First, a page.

Written in 1965, the present piece contains Rajaji’s reflections on liberty, and whether we had come to take our freedom for granted after securing independence in 1947. This piece has been taken from the Swatantra Souvenir: a collection of Rajaji’s speeches and writings.
Shortly after the Philadelphia Convention, the story goes that Benjamin Franklin was asked by a lady about the nature of the Constitution hatched at the convention, to which he replied “we have given you a republic, madam, if you can keep it”.
In 1947 we were emancipated from British sovereignty. We were made free. But in course of time the Government into whose hands we placed ourselves has, in the name of socialism, taken away all the economic freedom that the citizens enjoyed for thousands of years, and the people have shown little inclination to resist this usurpation, the will to be free not being exercised.
Two elements are relevant in this connection. One is the basic human desire to be free or its obverse, the dislike to be ruled by any external authority. The other element is the economic rationality of socialism, apart from the question of the citizen’s liberty. Even when the second point is thoroughly discussed and accepted, viz., the irrationality of disregarding natural laws and seeking to increase production and furthering prosperity through bureaucratic management, replacing private ownership and private management, the economic conviction does not take shape in action, where the will to be free is not strong enough but has been weakened by long sufferance of foreign rule. People appear to be quite willing to suffer bondage as they did before 1947.
Freedom rests not on constitutions but on the will to be free. Freedom endures only in the measure, and only so long as this will last. Liberty lies in the hearts of men and women. When it is not there burning and alive, no constitution, no law, no court can save it, as an American judge put it.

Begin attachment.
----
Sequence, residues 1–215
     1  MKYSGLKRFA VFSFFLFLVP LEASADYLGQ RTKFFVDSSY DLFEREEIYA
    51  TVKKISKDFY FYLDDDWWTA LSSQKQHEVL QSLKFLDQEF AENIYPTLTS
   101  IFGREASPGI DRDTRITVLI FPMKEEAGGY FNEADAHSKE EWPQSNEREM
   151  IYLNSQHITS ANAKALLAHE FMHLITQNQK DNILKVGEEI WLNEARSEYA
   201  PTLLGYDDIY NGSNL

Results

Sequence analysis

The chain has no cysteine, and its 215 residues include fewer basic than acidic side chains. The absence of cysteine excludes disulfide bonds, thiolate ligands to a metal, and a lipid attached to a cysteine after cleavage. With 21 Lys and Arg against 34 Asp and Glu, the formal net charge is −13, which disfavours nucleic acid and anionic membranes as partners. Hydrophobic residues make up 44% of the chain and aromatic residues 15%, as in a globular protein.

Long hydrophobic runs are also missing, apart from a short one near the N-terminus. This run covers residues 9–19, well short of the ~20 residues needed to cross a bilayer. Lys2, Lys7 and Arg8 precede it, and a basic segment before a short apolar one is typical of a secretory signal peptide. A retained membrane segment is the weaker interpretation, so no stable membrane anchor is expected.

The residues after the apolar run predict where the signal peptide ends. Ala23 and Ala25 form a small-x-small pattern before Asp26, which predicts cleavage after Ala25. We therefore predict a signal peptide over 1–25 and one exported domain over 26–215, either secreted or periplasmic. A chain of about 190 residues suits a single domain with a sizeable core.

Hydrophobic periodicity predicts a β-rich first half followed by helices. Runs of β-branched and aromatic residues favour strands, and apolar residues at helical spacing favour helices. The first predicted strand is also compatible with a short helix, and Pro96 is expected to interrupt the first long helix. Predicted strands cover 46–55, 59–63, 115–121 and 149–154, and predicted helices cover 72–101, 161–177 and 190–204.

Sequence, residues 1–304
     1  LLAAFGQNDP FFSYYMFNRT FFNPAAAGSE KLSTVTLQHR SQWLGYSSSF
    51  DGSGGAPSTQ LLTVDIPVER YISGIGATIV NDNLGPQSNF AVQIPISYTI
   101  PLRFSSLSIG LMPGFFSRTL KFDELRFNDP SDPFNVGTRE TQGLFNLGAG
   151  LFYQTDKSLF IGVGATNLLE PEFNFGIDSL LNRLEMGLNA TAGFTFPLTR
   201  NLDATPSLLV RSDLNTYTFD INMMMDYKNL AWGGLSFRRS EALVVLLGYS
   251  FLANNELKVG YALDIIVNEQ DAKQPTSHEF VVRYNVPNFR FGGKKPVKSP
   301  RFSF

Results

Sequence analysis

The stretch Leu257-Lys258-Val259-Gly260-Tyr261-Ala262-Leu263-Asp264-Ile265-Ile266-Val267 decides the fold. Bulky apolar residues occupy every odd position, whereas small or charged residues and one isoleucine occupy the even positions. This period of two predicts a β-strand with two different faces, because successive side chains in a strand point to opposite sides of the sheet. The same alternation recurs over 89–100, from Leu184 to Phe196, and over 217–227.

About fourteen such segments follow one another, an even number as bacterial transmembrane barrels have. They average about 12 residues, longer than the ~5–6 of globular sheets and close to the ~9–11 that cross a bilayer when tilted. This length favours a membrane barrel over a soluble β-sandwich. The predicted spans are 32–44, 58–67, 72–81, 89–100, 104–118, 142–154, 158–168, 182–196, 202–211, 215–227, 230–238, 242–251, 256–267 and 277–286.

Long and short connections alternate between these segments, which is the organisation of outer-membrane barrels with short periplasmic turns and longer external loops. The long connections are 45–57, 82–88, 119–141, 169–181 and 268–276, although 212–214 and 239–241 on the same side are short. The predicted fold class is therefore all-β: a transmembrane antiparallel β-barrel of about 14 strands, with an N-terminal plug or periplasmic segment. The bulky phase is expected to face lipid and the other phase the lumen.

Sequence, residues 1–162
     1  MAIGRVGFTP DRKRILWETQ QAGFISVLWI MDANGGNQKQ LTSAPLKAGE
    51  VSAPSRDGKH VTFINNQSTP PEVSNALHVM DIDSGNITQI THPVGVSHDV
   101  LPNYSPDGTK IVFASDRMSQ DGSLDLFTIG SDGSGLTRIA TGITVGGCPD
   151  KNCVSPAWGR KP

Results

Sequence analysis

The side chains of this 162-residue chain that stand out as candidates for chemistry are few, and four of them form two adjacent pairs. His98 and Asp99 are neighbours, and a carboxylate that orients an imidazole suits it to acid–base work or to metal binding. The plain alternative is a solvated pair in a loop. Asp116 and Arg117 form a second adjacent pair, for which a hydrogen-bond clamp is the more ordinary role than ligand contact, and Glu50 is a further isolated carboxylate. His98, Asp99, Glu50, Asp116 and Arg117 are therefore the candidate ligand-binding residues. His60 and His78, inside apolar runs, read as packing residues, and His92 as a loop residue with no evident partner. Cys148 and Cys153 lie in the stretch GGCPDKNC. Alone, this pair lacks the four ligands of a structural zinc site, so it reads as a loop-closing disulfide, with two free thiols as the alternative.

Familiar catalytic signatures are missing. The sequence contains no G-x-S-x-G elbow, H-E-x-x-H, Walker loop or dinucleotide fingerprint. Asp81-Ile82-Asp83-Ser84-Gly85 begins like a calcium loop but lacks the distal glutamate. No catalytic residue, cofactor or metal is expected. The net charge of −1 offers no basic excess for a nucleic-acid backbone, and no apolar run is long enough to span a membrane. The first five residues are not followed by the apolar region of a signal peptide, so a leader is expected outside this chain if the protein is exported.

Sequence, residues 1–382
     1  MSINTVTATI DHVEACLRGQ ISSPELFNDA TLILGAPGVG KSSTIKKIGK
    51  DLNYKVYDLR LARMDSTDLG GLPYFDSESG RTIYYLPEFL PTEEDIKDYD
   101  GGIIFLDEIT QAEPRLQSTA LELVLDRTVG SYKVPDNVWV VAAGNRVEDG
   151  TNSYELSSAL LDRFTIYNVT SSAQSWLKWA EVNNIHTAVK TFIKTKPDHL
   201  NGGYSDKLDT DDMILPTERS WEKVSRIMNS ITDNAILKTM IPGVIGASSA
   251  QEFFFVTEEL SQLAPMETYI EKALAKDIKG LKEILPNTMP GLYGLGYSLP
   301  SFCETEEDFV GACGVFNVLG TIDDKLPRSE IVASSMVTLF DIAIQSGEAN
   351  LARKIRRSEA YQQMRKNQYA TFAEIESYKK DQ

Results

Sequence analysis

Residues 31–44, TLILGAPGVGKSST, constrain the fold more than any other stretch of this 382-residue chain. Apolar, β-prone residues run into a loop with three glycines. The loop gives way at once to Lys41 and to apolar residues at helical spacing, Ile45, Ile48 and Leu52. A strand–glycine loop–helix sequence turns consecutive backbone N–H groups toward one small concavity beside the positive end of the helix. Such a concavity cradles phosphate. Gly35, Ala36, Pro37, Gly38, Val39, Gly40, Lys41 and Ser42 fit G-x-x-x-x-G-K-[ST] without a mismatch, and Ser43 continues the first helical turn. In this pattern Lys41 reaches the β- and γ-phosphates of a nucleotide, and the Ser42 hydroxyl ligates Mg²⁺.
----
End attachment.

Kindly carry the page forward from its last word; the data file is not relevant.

Often have I felt surprised when at by-elections the Congress Party won inspite of widespread dissatisfaction with Congress rule and disapproval of Congress policies shown beyond doubt at vastly attended public meetings. I have asked myself the question, why do these people get into the Congress lorries and buses and jeeps and go and vote for shackles? Is it to be attributed to bribery? Or terror of pains and penalties likely to issue from disobedience? Surely, I have said to myself, this cannot be. The puzzle can be resolved by this absence of the will to be free. Gandhiji used to call it slave mentality. He fought hard to eliminate it. But the reaction was just anti-Britishism, not, as we now regretfully realize, the positive love of freedom and a readiness to sacrifice for retaining that precious possession against anyone interfering with it. ‘Our’ own Government can be as great an enemy of freedom as any foreign usurper.
The problem is, therefore, how to revive this will to be free and to recover it from the terrible entanglements of the State-socialist economy. It was not so entangled when the British Parliament governed us.
Controlled production, controlled prices and other similar controls mean in the ultimate analysis controlling of persons. Under a controlled economy, it is persons, not things, who are told by some persons who are collectively called government what they must or must not do. It is this that goes contrary to respect for human personality, gradually robs the victims of the will to be free, and develops in the government a hunger for owning slaves. Happiness, even mere physical happiness, requires not only food, clothing and shelter; but also a sense of freedom. A shortage or total deprivation of any of these essentials makes men and women unhappy. Whether the rope that strangles human beings is made in England or elsewhere, or is of indigenous make, makes no difference.
Men and women can by continued force be got to accept unhappiness as a normal condition either by society or governments. And this can be carried up to a point when protests and resistance disappear, and a state of dependence is even preferred by them to the responsibility which goes with freedom. One may wonder whether the electorate in India has come to that stage; or whether we can save ourselves from that sub-human condition. The Swatantra Party hopes that this is possible. It has been truly said that every significant movement in history has been led by one or just a few individuals with a small group of energetic supporters. We saw it, not so long ago, in Gandhi’s Swaraj movement in 1920, which came like an accident on top of the Khilafat movement. Liberation from the present permit-licence-raj will come, too, in that way.
July 10, 1965